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Published on August 6th, 2012 | by Zachary Shahan


10 Ways You Can Use Solar Panels to Help You Save or Make Money

August 6th, 2012 by  

Here’s a fun post from the folks over at Compare Electricity Prices (image added):

solar panel image

Solar panel image via Shutterstock

Whether it’s the rising cost of energy, a desire to go green, or a little bit of both, you’re considering installing solar panels in your home. Good for you. The advantages and savings can be significant and quickly offset the installation cost. Let’s take a look at ten ways to leverage solar panels to reduce your electric bill:

  1. The federal government offers incentives that help offset the cost of installation, so that a consumer can realize energy savings more quickly. This means lower energy cost in a shorter time frame.
  2. Solar panels can be used to generate a portion of your home’s power in order to reduce your dependency on traditional power sources. For instance, you can install panels to provide electricity just for appliances or lighting, to reduce your dependency on the utility company, as well as lower your bill.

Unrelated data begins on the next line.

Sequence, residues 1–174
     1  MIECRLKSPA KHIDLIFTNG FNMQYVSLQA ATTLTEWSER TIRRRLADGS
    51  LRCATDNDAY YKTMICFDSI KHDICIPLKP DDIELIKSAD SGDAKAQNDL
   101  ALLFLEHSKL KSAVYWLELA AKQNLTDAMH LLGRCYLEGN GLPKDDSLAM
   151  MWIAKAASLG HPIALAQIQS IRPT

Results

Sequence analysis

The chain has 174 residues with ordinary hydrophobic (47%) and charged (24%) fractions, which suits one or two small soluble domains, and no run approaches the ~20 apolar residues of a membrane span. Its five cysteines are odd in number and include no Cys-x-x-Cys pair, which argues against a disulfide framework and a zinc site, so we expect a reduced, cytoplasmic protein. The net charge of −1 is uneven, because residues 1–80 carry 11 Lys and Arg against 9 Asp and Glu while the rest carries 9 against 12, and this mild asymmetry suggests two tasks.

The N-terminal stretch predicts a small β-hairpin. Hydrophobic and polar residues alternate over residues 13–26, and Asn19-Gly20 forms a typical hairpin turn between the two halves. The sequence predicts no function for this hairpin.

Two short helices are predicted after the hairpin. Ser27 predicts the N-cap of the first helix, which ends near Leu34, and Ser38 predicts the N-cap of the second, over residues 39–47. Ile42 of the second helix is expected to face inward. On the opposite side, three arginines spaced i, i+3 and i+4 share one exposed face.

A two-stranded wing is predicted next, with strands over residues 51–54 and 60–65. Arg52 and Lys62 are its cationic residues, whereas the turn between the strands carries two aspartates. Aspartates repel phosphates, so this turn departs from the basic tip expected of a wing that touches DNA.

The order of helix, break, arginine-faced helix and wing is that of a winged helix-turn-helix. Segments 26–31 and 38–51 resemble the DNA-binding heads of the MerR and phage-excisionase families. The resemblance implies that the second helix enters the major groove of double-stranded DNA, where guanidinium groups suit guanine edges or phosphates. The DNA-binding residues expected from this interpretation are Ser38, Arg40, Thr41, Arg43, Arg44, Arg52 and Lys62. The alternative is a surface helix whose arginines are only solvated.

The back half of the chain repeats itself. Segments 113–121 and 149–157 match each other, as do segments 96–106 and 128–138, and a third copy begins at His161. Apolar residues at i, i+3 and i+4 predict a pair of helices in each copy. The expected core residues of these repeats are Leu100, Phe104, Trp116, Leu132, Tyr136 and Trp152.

3. With solar panels as an alternate power source, you can negotiate a more favorable rate with your local electric company in many cases. Since your consumption will be lower, and your home is more energy efficient, you may qualify for lower rates.
  4. Feed-in tariffs, which are government-induced incentives for energy providers to switch to alternative, renewable energy sources. This can include homeowners, which means you can sell surplus energy generated by your solar panels back to the electric grid.
  5. Power Purchase Agreements (PPA’s) allow homeowners to lease equipment from a private company for use in generating electricity, and the company then sells surplus electricity to its customer at a lower price than the local utility. This also gives the homeowner an option that alleviates the expense of installing his own equipment.